Board reaches compromise with state on coding errors
By Kerri Bartlett, Assistant Editor
After awaiting a resolution for months, the Williamson County Schools district and the state of Tennessee reached a settlement on test coding errors regarding the Hispanic population.
In September, the WCS board voted to allow Superintendent Dr. Mike Looney and his legal team to sue the state over refusing to reopen the TCAP/EOC test correction window to correct data coding errors.
Because three Hispanic high school students were miscoded as “white” in the demographics portion of the End-of-Year (EOC) test, the entire WCS Hispanic population was categorized as “needs improvement.” However, according to Looney,
if just one of the students had been coded correctly, the population would be labeled as “intermediate.”
“The Hispanic population should get the recognition they deserve and not be mislabeled,” Looney said previously.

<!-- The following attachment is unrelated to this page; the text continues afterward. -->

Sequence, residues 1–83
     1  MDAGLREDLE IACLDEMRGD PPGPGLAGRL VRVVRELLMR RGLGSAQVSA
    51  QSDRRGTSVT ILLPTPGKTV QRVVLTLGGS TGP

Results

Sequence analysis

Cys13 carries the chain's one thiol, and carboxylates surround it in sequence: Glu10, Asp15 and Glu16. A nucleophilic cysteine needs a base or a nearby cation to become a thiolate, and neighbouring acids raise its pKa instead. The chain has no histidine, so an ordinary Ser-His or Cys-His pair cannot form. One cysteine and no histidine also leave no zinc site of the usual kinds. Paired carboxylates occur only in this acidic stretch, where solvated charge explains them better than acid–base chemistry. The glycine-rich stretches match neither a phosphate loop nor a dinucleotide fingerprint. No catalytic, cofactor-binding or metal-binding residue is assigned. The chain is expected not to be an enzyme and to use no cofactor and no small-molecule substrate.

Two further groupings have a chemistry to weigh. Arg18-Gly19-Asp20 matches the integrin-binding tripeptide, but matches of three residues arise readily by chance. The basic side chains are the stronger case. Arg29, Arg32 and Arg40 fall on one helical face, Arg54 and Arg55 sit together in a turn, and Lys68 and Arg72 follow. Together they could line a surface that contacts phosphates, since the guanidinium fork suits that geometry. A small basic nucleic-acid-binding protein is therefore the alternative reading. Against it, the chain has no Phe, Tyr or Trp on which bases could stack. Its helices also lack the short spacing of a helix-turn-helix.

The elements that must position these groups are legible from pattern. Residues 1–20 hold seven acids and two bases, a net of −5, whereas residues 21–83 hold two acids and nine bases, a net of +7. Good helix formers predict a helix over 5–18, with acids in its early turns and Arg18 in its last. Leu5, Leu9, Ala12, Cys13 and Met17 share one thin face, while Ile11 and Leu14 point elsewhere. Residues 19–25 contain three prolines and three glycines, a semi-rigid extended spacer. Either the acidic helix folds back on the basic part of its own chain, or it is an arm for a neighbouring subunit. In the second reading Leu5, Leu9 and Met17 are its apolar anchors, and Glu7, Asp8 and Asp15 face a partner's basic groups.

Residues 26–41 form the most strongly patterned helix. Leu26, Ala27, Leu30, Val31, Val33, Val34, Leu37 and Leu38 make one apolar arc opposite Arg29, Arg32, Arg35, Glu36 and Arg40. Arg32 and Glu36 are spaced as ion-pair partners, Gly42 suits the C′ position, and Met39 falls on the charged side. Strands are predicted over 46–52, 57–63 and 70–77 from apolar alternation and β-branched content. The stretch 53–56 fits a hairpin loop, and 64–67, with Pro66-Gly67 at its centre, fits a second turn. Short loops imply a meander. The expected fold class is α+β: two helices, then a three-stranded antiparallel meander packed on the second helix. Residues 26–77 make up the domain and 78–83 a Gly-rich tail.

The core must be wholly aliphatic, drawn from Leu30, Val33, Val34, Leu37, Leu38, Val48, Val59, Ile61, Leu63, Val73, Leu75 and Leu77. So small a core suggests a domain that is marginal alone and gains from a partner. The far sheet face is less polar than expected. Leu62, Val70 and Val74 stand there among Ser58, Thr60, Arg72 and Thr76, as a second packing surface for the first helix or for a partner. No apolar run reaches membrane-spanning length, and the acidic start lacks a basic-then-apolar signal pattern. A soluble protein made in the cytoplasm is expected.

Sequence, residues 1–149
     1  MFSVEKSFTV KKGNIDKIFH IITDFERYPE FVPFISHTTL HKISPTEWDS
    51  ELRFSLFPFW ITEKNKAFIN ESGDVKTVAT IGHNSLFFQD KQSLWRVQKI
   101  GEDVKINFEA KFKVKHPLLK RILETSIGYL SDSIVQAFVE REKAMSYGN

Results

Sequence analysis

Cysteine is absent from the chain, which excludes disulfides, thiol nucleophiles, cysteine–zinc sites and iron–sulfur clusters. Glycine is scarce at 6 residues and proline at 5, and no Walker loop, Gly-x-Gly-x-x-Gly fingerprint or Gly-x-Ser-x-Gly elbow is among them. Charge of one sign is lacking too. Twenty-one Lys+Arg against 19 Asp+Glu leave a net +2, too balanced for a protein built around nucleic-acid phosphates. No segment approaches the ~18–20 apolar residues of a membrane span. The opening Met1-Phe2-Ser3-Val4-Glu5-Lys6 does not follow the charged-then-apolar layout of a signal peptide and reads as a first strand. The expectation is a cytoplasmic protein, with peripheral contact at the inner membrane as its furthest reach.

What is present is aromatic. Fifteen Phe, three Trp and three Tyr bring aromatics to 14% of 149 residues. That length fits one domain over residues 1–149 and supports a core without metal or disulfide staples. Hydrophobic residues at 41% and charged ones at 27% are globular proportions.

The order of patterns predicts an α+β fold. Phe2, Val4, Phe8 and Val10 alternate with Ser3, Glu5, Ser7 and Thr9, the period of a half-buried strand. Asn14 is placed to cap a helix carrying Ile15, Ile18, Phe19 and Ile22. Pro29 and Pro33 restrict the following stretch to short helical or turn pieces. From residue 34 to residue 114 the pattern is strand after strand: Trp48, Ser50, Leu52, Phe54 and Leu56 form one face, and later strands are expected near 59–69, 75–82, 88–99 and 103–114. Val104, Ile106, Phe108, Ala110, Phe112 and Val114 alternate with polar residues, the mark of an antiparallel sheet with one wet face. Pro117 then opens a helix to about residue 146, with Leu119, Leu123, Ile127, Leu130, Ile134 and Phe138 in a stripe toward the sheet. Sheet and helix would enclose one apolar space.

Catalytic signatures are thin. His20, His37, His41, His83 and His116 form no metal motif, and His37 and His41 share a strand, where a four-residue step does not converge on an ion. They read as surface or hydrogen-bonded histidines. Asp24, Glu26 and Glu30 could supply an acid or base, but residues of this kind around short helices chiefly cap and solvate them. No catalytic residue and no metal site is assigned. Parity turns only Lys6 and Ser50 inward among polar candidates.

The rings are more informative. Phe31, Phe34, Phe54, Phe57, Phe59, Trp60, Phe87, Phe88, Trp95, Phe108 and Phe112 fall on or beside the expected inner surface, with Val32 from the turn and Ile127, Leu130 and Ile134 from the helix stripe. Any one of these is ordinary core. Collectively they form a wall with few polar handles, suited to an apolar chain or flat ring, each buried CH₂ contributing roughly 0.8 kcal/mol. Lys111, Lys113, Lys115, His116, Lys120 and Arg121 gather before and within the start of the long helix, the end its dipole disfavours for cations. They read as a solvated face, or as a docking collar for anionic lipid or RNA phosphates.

Looney formally appealed to the state to reopen the test coding correction window so that corrections could be made, or he would pursue legal action.
However, Looney said that he was “pleased” with the compromise at the WCS Board of Education meeting last night.
In a letter issued Oct. 30 addressed to Looney, Commissioner Kevin Huffman writes that the state department regrets confusion about allowable appeals and acknowledges that if WCS had corrected coding errors, the population would have been designated as “Intermediate” in performance for the 2012-13 school year rather than the current status of “In Need of Subgroup Improvement.”
“There is always a sting in compromise,” Looney said. “We would have preferred a designation change, but I’m glad that we got a commitment from the state to form a committee to ensure that this doesn’t happen again.”
The letter reads as follows:
“We commit to engage superintendents and others in forming a committee to examine further issues you have raised and discuss recommendations for improving the process.”
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Posted on: 11/19/2013